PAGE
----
Making an estate plan for cryptocurrency

On Behalf of | Aug 27, 2018 | Estate Administration & Probate |

When people in Georgia consider their plans for passing on their property in the future, they may frequently think about assets like real estate, bank accounts and investment funds. However, the developing interest in cryptocurrency highlights other types of digital assets that can require special attention during estate planning. People need to be able to pass on their cryptocurrency assets to their beneficiaries, but without a traditional bank structure, it can be easy for these major assets to be lost or abandoned rather than properly transferred.

By thinking about cryptocurrency and other digital assets when making an estate plan, people can ensure that they have taken care of both the legal and technical preparations that are needed to transfer their bitcoin or other digital currencies to their beneficiaries. The same estate planning principles used with more traditional properties still apply when transferring these assets. The executor of the will needs to know which assets exist and how to access them. However, the highly secure and password-protected nature of these assets requires special care to pass them on, especially as there is often no central authority or responsible party to present a death certificate for access.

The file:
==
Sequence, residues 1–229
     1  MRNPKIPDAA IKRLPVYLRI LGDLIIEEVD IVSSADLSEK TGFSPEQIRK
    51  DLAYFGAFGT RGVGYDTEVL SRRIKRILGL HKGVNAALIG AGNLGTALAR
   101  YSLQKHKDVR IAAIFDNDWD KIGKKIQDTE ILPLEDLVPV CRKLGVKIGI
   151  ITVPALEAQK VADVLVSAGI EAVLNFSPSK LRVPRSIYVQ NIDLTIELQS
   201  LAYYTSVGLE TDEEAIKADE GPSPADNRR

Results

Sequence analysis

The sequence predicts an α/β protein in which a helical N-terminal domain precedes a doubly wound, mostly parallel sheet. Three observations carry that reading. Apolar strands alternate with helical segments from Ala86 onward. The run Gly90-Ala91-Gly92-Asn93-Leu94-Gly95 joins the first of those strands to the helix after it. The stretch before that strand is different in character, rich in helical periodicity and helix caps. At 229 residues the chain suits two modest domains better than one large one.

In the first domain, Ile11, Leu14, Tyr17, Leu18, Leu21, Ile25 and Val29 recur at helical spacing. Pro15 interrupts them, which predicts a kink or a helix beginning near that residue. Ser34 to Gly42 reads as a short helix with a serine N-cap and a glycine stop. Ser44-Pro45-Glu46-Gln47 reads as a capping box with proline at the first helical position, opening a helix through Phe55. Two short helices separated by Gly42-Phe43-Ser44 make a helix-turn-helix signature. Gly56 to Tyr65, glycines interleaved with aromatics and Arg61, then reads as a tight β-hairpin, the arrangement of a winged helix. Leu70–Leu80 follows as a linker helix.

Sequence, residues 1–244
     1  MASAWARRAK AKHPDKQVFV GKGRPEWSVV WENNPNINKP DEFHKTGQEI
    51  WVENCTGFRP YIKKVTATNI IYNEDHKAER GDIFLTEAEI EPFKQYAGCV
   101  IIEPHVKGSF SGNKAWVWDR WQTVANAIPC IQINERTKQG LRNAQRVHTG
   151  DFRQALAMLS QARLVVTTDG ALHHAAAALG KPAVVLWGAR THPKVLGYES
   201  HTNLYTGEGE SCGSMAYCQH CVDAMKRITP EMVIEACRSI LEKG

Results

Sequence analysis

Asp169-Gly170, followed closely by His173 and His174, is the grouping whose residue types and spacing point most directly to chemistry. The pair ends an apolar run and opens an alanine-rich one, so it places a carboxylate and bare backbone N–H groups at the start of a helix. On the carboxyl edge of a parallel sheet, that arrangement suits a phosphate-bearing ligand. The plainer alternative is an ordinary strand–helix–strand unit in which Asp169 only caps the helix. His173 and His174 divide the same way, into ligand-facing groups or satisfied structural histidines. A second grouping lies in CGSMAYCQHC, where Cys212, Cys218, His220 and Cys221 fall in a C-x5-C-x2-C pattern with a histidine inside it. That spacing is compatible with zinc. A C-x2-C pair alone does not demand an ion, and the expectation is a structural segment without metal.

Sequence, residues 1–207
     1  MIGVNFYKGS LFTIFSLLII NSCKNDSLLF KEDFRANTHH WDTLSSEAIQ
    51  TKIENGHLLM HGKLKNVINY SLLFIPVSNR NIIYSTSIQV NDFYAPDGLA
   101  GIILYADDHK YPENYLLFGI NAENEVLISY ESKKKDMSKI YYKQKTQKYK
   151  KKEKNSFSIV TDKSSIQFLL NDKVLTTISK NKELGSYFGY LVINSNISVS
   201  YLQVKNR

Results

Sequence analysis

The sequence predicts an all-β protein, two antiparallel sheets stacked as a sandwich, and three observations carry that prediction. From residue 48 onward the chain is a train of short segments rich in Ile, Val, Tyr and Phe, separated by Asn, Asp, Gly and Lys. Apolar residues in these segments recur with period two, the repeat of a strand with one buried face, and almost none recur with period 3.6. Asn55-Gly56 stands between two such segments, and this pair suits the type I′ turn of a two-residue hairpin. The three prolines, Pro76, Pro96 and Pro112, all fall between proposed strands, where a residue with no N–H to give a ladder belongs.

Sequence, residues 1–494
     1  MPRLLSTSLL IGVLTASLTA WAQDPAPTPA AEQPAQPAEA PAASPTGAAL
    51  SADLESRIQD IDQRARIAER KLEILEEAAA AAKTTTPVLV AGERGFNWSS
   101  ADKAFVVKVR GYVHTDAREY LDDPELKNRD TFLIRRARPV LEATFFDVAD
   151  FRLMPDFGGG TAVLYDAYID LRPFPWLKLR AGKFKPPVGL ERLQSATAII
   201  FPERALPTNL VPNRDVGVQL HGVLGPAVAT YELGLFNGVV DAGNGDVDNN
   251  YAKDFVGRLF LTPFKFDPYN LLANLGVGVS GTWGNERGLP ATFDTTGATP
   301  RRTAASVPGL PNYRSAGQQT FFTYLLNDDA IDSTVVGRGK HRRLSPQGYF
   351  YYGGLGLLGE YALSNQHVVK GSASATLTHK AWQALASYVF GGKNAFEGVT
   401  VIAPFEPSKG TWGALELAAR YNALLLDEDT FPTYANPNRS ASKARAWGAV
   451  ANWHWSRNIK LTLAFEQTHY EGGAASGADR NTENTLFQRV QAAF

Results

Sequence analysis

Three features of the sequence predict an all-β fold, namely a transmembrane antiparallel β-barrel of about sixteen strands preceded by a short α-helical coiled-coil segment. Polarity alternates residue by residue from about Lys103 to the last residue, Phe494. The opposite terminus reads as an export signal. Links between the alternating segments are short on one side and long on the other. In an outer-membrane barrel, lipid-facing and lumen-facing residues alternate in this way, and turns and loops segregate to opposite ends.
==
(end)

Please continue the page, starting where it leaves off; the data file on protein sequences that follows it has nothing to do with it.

Experts recommend making a hard copy list of cryptocurrency keys, wallets, PINs, passwords and other critical information necessary to access these accounts. This list should be updated as frequently as a person’s crypto accounts are changed in order to ensure that these valuable assets do not simply become abandoned after death. The list should be held in a safe deposit box or a highly secure area of a person’s home.

People thinking about their estate plans may want to ensure that their existing documents are updated to reflect current laws as well as technological developments. An attorney specializing in estate administration and probate can work with people to develop key documents or update wills, trusts and other estate materials to reflect their digital assets and protect them for the future.

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